- FORTRAN->Run-time->”Check Array and String Bounds” and “Check Uninitialized Variables” are very useful flags especially the code has to deal with legacy FORTRAN 77 code.
- FORTRAN->Floating Point->Floating Point Exception Handling, enable “Underflow gives 0.0; Abort on other IEEE exceptions”, so that floating point exceptions can be thrown timely. But I don’t find a comparable switch from Intel C++ compiler.
Another lesson that calls for attention is floating point overflow – of course there are a whole bunch IEEE definitions on these, but practically speaking, this type of exception is pretty tricky to catch as I found they don’t get thrown immediately when it happens (with the Intel compiler), if you have a multi-threaded program it is even harder to trace when and where a floating point overflow is triggered.
In the Dynamic Traffic Assignment work, the testing network is a tremendously huge network and the path cost itself is a big number, this big number when got exponential-ed, easily blows off the upper limits of a double precision.
- Be careful in using the exp( ) function and protection code should be in position to check floating point overflow;
- Using number scaling or other fast numerical techniques to approximate exp, if needed.
- Some C++ library can check overflow, including std::, boost::, leda:: but the problem is, the overflow can be detected only BEFORE the value is assigned to a non-temporary variable. So the check point has to be executed with each iteration and that really drags down the performance.
Assuming we have the following function type defined in C, i.e.,
typedef int (_stdcall * SetRelTurnFlowCbFunc)(DTAEnvironment *dtaEnv,
TASession *taSesn, int iterID,
int arrSize, EdgeDynaAttrRec **edgeDynaAttrArr);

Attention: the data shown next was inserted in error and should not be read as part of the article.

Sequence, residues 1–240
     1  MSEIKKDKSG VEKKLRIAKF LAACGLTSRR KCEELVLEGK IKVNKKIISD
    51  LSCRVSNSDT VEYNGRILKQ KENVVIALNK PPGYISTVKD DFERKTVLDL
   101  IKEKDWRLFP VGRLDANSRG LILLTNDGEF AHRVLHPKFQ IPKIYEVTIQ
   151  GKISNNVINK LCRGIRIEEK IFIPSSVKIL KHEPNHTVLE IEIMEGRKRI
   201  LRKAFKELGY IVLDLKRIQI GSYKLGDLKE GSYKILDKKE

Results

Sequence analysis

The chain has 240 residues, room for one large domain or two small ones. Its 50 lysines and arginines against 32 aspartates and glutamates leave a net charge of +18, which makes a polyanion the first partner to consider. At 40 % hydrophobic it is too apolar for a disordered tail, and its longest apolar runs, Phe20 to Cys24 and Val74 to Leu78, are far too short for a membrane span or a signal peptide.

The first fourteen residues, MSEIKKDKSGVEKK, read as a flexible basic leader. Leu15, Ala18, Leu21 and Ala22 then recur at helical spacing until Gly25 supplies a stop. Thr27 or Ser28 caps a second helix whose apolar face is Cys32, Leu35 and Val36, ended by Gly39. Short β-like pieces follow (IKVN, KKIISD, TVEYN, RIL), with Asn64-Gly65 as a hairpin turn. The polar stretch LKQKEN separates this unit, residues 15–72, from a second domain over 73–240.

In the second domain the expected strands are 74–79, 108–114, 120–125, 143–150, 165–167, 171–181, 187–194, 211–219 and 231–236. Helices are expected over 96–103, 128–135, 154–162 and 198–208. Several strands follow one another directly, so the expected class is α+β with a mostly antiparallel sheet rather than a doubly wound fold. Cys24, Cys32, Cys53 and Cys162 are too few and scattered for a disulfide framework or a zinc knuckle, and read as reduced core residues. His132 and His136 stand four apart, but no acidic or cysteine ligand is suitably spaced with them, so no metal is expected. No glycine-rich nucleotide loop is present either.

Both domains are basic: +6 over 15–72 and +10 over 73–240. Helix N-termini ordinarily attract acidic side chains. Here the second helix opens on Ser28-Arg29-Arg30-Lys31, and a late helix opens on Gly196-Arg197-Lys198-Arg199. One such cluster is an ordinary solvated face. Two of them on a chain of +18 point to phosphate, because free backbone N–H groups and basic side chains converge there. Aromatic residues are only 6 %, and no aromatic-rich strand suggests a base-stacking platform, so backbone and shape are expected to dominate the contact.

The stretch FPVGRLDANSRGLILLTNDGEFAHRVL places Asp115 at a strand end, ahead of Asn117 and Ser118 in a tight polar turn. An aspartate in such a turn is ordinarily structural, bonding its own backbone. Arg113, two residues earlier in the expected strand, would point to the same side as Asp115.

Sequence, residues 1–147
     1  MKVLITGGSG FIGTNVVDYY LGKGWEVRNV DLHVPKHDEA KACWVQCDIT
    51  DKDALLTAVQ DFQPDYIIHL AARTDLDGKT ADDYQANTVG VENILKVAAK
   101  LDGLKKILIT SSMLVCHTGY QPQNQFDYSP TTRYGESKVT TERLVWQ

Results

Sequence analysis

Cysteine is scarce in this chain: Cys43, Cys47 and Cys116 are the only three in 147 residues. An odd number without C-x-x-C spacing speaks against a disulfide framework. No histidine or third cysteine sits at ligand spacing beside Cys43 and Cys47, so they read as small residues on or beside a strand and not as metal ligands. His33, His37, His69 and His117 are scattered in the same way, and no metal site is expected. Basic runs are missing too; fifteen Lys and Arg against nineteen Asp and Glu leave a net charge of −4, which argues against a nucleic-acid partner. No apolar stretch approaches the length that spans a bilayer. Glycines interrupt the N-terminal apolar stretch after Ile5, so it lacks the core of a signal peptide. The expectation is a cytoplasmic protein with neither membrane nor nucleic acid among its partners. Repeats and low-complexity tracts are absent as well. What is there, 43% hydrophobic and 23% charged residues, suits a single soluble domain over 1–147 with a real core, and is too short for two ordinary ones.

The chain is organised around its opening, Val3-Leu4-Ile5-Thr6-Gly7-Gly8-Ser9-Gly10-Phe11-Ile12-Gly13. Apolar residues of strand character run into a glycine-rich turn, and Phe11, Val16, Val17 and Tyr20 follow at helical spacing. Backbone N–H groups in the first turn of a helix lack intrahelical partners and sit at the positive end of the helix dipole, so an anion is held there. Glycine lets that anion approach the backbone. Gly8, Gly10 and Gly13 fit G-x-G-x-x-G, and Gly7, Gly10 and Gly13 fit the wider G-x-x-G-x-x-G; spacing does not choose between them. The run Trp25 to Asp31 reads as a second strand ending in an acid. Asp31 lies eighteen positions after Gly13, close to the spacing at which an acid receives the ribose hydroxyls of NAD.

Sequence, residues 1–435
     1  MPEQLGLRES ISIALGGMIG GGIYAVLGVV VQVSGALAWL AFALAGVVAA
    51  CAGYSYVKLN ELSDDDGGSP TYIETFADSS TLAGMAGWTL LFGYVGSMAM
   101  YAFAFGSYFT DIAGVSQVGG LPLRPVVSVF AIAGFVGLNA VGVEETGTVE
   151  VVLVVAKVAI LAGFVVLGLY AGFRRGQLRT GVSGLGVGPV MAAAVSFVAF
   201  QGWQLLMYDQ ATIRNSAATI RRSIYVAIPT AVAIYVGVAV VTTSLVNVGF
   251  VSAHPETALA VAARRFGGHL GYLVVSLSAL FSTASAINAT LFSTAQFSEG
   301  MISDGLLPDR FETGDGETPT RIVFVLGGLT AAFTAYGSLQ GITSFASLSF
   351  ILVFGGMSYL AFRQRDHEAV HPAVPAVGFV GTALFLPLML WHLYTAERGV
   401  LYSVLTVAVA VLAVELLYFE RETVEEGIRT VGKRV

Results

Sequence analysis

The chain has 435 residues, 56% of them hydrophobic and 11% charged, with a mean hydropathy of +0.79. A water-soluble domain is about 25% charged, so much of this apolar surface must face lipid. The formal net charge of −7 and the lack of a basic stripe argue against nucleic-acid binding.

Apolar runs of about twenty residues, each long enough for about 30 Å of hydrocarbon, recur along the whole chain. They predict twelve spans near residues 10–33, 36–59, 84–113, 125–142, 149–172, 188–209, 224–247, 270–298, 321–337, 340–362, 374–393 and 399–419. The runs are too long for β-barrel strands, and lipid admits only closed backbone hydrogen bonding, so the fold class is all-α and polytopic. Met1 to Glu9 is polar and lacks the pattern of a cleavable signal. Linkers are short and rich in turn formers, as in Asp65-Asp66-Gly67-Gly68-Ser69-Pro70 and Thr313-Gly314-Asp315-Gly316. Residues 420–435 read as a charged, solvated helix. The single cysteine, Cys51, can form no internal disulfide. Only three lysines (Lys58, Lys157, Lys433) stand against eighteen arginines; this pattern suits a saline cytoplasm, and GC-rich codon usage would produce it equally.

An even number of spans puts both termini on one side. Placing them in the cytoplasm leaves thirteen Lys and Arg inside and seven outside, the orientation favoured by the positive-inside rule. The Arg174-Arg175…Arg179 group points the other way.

This type is defined to facilitate call-back using function pointers. The actual implementation of this function is defined using FORTRAN as
FUNCTION SetRelTurnFlowCbFunc(dtaEnv, taSesn, iterID, arrSize, edgeDynaAttr_C_Arr)
!DEC$ ATTRIBUTES STDCALL :: SetRelTurnFlowCbFunc
TYPE(C_PTR), VALUE, INTENT(IN) :: dtaEnv
TYPE(C_PTR), VALUE, INTENT(IN) :: taSesn
INTEGER(C_INT), VALUE, INTENT(IN) :: iterID
INTEGER(C_INT), VALUE, INTENT(IN) :: arrSize
TYPE(C_PTR), VALUE, INTENT(IN) :: edgeDynaAttr_C_Arr
CALL C_F_POINTER(edgeDynaAttr_C_Arr, edgeDynaAttr_F_Arr, [arrSize])
DO n = 1, arrSize
CALL C_F_POINTER(edgeDynaAttr_F_Arr(n), aEdgeDynaAttrRec)
END FUNCTION SetRelTurnFlowCbFunc
There are several subtleties here –
- Use compiler directive to tell the FORTRAN compiler the calling convention. You can leave this to the default setting of the IDE you use but I always do this explicitly.
- When converting from a C pointer to Fortran pointer, using C_F_POINTER, a explicit array size must be specified, so that the block of memory can be correctly addressed and interpreted by the FORTRAN compiler.
- For C pointer of pointer, an inner loop is needed. In the above example, aEdgeDynaArrRec is declared as a Fortran pointer to some data structure. In the inner loop, each C pointer is individually converted to the F-pointer.